Pandemic definitely is not a ground for declaring a “National Emergency” in India under Article 352 of Indian Constitution as it stands today. After the 44th Constitutional amendment introduced by the Janata party government in 1977, “internal disturbance” as a ground for imposing a “national emergency” was removed and other two grounds i.e proclamation of war and external aggression doesn’t fit the case.

Crises of health, problem of migrants, social, economic and law and order issues which the nation face today as a result of Corona could have derived a meaning from the definition of “internal disturbances” in original structure of Article 352 which describes the “State of Emergency”.

If a cue is derived from how Supreme Court mandated panel declared “Public Health Emergency” to deal “severe plus” air of Delhi along with the constitutional definition of “internal disturbance” as is still in Article 355, it could possibly have been an opportunity for India to go back and refer the fundamental functional character of the country i.e cooperative federalism, in absence of a specific law to deal with health and humanitarian disaster caused due to pandemic.

Cooperative Federalism Can Be An Answer 

Article 1 of Constitution of India defines India as a “Union of State” and the elaborations on division of power in the constitution is an important functional foundation to the existence of “Union of States”.

Health; industry; economics, social, migrants and labour are the major problems which the Corona Pandemic has posed on India. Interestingly all these matters are listed in State, Central and Concurrent list of power respectively.

This was therefore an ideal opportunity to bring in practice the model of cooperative federalism to tackle Corona crises where states are independent as well as are taken care of by the Centre. Adopting in principle the two key features of cooperative federalism:

-Joint focus on the national development agenda by Centre and State

-Advocacy of State perspectives with Central ministries

would have helped in easing out the current situation remarkably.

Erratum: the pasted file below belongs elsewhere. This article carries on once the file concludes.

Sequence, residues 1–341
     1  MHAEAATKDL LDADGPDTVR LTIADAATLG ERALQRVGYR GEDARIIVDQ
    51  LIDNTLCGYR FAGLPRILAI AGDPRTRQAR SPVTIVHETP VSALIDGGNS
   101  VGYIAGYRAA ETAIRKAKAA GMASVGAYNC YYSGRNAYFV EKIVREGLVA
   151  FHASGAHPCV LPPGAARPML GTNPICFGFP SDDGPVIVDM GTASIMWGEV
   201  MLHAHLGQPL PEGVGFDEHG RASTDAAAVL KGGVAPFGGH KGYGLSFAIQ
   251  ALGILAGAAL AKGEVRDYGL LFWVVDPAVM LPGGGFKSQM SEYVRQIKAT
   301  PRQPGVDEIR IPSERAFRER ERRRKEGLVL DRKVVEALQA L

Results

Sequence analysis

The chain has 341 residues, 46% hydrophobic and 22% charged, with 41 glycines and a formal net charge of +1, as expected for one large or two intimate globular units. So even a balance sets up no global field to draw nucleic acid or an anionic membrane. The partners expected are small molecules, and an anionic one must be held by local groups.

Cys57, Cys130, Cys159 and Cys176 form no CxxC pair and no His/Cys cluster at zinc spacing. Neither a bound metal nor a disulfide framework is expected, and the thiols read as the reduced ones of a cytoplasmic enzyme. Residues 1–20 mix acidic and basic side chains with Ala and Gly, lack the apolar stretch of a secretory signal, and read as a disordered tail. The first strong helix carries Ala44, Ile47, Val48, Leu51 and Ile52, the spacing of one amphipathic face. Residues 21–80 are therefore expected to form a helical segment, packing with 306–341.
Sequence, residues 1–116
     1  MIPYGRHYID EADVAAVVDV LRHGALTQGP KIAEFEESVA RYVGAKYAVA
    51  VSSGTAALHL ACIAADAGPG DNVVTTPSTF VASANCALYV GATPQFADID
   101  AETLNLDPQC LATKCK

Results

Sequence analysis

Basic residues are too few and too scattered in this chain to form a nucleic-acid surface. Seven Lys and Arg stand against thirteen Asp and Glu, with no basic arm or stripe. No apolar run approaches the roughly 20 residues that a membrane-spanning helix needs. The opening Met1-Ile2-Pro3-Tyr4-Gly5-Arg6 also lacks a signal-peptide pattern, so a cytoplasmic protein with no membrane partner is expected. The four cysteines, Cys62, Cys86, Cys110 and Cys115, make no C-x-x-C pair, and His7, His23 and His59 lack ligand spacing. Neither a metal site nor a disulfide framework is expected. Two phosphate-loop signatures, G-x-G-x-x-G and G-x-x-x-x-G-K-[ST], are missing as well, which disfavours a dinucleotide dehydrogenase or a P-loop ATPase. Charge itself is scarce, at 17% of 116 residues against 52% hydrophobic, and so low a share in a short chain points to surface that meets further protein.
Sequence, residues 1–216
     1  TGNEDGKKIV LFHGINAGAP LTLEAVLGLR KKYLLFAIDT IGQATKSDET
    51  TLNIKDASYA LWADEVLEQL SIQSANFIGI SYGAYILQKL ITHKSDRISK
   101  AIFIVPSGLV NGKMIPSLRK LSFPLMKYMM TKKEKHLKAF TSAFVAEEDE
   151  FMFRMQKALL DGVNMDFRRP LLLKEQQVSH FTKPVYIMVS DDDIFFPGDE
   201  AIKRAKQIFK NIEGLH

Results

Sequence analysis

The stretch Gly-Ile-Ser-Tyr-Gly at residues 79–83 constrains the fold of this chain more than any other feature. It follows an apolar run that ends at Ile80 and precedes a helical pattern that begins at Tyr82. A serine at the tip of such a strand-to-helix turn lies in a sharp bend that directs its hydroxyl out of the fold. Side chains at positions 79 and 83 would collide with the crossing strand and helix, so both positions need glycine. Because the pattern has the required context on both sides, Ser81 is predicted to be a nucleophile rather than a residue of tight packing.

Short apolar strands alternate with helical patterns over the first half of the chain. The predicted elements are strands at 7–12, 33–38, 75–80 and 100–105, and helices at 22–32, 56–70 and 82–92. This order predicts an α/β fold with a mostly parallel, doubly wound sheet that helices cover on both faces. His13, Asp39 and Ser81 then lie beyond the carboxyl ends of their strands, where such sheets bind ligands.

Understanding The State Limitation In Generating Finances 

The central government released a package of Rs 17,287 crore to the states to augment their financial resources to combat Corona in the first week of April. Out of which Rs 11,092 was released under State Disaster Risk Management fund while an amount of Rs 6,195 crores was released on account of ‘revenue deficit grant’ as part of 15th Finance Commission Grant to the states.

States have very little capacity of generating finances and in situations like Pandemic when the economy became defunct and the financial liabilities increased manifold the money generating capacity for Covid fund definitely was a big issue for states. The amount of Rs 17,287 crore may not be too late but it indeed was too little.

In these testing times it is extremely important to mitigate the crises while working on only single principle of “life first”.

Till we make a law specific in dealing the situations like we are in today we have the spirit of cooperative federalism to guide us as is rightly specified by the NITI Ayog in its commitment, “…. to evolve a shared vision of national priorities, sectors and strategies with the active involvement of States, wherein states are equal stake holders in planning process as well”.

This was the same spirit of cooperative federalism which was a significant contributor to Sardar Vallabhbhai Patel method of political mobilisation by which he could successfully persuade some 492 princely states to join the Indian Union while simultaneously maintaining the unity of the nation.

Kewal Singh Ahuja: Lawyer, Investment Arbitrator & Accredited Mediator  

(The views expressed in the article belong solely to the author and do not necessarily reflect the opinion, beliefs and view point of the owners of